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Saturday, May 26 • 8:35pm - 9:10pm
Smokey Brights
Finger Pickin' Ramblers

Saturday May 26, 2012 8:35pm - 9:10pm
Indie Roots at Broad Street: Sponsored by BECU & 103.7 The Mountain 47.61938, -122.34979
  • Genre CFMA -- Contemporary Folk Music - Americana
  • URL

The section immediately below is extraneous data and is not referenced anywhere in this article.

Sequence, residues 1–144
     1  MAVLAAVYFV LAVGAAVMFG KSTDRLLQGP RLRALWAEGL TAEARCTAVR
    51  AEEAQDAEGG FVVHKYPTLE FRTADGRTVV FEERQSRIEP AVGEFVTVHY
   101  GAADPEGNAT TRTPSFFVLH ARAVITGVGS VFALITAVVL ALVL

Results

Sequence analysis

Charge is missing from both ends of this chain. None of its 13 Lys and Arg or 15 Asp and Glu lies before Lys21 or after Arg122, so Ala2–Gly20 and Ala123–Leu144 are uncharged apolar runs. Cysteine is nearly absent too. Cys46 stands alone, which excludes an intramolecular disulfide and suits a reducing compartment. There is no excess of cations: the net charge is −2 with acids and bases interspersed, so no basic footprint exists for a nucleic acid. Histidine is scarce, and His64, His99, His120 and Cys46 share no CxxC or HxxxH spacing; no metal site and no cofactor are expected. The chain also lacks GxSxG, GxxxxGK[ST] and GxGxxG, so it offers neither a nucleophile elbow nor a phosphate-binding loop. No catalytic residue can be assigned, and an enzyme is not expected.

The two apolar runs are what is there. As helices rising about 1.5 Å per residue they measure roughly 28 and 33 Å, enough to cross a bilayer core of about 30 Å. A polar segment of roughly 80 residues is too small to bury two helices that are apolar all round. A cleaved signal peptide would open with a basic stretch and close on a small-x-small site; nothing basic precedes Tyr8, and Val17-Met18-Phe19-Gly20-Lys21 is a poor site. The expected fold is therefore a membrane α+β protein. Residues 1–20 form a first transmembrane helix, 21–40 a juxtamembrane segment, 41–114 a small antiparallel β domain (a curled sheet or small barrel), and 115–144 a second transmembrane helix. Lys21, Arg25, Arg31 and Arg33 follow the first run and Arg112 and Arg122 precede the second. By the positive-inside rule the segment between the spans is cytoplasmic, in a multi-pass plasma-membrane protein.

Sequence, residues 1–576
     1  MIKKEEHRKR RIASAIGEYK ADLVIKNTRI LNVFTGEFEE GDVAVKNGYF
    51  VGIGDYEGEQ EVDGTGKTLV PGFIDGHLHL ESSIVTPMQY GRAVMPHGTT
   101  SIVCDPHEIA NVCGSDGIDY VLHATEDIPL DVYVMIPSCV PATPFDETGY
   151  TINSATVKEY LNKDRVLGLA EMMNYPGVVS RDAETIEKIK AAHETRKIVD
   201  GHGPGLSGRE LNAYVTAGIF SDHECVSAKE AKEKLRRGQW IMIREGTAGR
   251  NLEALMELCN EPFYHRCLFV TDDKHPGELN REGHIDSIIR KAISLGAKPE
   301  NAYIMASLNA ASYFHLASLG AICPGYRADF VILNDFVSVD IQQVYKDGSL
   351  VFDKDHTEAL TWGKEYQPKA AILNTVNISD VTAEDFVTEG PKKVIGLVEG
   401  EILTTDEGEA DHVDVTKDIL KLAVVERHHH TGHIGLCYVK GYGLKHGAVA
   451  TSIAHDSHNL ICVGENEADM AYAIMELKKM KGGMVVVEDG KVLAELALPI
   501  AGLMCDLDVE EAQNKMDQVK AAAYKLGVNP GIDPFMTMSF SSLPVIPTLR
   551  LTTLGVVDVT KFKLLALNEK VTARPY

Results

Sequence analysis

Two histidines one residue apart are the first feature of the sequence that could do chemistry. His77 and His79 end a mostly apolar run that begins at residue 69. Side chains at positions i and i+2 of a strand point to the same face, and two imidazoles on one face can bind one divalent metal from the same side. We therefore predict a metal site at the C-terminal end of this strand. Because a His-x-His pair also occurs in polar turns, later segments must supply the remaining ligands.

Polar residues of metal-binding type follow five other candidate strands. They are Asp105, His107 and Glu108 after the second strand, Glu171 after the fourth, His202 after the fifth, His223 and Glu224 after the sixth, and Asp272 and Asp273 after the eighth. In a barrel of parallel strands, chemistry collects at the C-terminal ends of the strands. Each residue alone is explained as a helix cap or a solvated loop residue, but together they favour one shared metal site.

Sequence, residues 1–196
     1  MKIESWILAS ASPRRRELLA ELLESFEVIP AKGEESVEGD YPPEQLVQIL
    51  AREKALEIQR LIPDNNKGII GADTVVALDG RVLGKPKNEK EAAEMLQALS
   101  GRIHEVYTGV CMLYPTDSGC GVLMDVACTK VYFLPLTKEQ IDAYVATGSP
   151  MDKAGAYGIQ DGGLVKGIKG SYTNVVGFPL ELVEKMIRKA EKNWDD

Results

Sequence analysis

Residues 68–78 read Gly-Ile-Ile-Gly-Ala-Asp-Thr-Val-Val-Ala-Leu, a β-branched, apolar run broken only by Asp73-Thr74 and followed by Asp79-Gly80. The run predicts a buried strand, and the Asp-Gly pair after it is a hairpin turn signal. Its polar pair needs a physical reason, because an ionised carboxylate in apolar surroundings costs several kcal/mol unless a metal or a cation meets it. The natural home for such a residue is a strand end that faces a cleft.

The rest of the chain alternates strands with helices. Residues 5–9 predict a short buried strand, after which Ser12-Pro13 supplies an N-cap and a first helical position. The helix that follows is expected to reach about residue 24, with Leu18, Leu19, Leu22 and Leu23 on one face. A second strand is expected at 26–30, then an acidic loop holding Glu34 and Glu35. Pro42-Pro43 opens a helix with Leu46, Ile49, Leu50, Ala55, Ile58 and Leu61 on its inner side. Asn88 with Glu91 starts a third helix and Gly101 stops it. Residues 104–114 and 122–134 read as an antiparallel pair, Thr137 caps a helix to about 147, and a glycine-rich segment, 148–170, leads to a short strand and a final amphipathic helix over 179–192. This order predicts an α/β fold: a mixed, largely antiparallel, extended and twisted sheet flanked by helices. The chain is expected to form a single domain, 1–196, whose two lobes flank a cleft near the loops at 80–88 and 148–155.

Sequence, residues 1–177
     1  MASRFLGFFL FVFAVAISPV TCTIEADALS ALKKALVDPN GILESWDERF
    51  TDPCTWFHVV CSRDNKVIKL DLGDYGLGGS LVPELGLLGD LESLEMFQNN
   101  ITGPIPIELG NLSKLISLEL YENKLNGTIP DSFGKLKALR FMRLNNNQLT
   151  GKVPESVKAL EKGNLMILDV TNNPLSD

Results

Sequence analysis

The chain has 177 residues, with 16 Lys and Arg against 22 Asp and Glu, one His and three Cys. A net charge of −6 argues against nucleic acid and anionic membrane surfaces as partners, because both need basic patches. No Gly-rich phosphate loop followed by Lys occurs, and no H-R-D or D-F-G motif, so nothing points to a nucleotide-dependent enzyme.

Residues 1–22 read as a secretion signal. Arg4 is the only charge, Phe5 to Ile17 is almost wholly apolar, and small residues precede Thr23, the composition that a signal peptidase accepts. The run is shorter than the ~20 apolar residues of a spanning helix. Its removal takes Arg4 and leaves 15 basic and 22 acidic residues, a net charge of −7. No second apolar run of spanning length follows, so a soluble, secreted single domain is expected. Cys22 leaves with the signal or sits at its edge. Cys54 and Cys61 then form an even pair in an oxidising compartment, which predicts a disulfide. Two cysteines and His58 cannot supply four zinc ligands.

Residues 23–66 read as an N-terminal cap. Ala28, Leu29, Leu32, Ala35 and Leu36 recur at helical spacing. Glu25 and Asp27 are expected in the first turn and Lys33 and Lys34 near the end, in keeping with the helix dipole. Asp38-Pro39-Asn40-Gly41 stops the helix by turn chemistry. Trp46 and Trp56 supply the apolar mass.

• Biography The original intention was to make a record. After years of touring and recording with the brash and energetic garage punk outfit The Whore Moans, songwriter Ryan Devlin had notebooks full of material that just didn’t fit: folk tunes that sounded more like the Bob Dylan and Paul Simon he grew up on; finger picking ramblers and Nashville style ballads. The songs kept playing through his mind, insisting he find an outlet for them. A year before Smokey Brights would play their first note together, Devlin sought out the musicians whose talents he wanted to help him realize these persistent songs: Jim Vermillion and Nick Krivchenia had been playing bass and drums together every week for the past five years for upwards of twenty hours—just the two of them—working on tight syncopations, in time signatures that read like long division. Their efforts had been under the names Armed with Legs and Kill Kill Orchestra. To have one in a band was to have the other, like brothers, or house players in an old soul studio. The duo agreed to try some songs out with Devlin, and work began in the summer of 2010. Mike Kalnoky was best known for his angular lead guitar lines in What What Now, the DIY Seattle art-punk band. Though, if you’d ever had the chance to see his old outfit Thunderbird Motel, you’d know that Mike can play the blues—the area where his musical roots truly reside. When Devlin asked him to sit in on a rehearsal with a yet un-named trio, it all came together. Mike’s bright Telecaster bends sounded like a young Mike Bloomfield, weaving through the melodies, bringing the twang that brought it all back home. In the first week of 2011, they got down to business and made the record that had been spinning through Devlin’s mind for years. The result was a sum of their parts: some rock, some blues, some R&B, some twang. By the time the boys released “Can’t Rightly Say,” they were already filling up clubs, playing festivals, and even garnering some national attention. The songs and Devlin’s efforts have found their outlet, and the boys in Smokey Brights have been more than happy to oblige.